Amsterdam was the second place I had ever visited when I went to Europe for the first time in 2013. When Michelle and I were planning our trip last year, she asked me which city we could go to that I’d have no problem returning back to. Easily, I said Amsterdam.
Arriving into Schipol was disgustingly hot and rainy, which wasn’t what we expected.
“I didn’t know it could get this hot,” Michelle said, trying to wipe the inevitability of sweat dripping off her forehead.
Our stay in The Netherlands would be a short and sweaty one. Since we both like to remind ourselves that we aren’t tourists or vacationers, but travelers, the task to fit all that we could see of The Netherlands’ capital in two days wasn’t a challenge, having already done so in Edinburgh only a week before.
The accommodation we booked was located north of Amsterdam, in a smaller suburb called Zaandam. Most times, I tell people embarking on their first adventures not to stay directly in the city center, especially if you’re trying to be cost effective. A short commute doesn’t hurt. This time around, though, we wish we would have stayed more center. The actual commute into Amsterdam Centraal wasn’t so much a long one, but it took a fair share of walking from the Airbnb to the Zaandam station. In this case, it would have been good to have bicycles with us. However, most accommodations charge extra fees to utilize personal bicycles because that’s how most people get around, so that wasn’t an option unfortunately.
We didn’t let it phase us. As native New Yorkers, walking has always been our energy, so we made sure to leave just a bit earlier to take in the commute from Zaandam to Amsterdam.
One of the first things on our list was to visit Anne Frank’s House. The first time I visited, I had such an incredibly moving experience. Michelle and I had always been interested in learning about World War II in school and we both read Anne Frank’s Diary multiple times when we were younger. Any period piece drama reflecting back to that time, we’ve also seen. It went without saying that Michelle had to see Prinsengracht 263 for herself.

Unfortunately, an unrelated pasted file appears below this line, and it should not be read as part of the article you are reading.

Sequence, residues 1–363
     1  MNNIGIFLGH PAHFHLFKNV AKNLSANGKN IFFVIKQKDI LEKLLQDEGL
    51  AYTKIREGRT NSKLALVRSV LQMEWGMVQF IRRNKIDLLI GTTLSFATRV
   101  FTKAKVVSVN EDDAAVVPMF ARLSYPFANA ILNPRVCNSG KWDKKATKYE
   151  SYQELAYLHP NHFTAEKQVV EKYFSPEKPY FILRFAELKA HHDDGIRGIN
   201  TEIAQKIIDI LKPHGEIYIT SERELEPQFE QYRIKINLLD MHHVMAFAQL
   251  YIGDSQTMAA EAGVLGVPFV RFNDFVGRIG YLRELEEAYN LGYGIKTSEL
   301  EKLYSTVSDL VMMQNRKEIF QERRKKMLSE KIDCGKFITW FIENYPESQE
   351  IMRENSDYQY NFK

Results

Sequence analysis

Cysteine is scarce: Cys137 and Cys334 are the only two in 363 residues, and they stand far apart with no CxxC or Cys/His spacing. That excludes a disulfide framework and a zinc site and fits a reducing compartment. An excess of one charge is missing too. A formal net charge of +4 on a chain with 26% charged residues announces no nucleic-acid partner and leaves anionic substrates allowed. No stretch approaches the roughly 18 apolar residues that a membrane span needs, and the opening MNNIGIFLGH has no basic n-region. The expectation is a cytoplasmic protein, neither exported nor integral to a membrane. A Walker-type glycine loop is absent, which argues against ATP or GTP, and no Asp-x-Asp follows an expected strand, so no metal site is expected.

The heat seemed to follow us throughout our stay in Amsterdam. Our walk to Jordaan District, where the House is, was no different, so you can only imagine what it felt like to be waiting in a queue of about an hour in the blazing heat of a mid-summer afternoon. So we stood on line and did what any American would do in that situation: complain about the weather. Other Americans on line seemed to echo our sentiment.
After the emotional visit, the rest of our day was spent wandering around the canals and passing by cyclists (while simultaneously trying to avoid getting run over by one), visiting the plethora of museums that make of Museumplein, getting yoghurt with freshly made Stroopwafels sprinkled on top and eating kebabs & chips in a random hole-in-the-wall on the main street just across Centraal Station, Damrak.
The rain was still going by the evening. On our way back up to catch our train back to Zaandam, we passed through the street my hostel was located on the first time I visited Amsterdam, on Warmoesstraat, which is adjacent to the madness of the Red Light District. You can only imagine what my nights there sounded like. Before leaving for the night, we decided to walk around Amsterdam’s RLD, also called De Wallen. The streets look completely different at night, with red neon lights lining up the doors and lighting up signs and onnings. Even the canal water looks red which adds to the sin of the city.
Where To Visit:
Anne Frank House – As mentioned above, a trip to Amsterdam is not complete nor fulfilled without a trip here. The queue to get inside will always be long, so there’s no point in trying to find a quicker way or day to go. The experience is incredibly emotional. You are literally walking inside history, so if you’re a WWII nerd like us or just want to put an image to the reality that once happened here, go.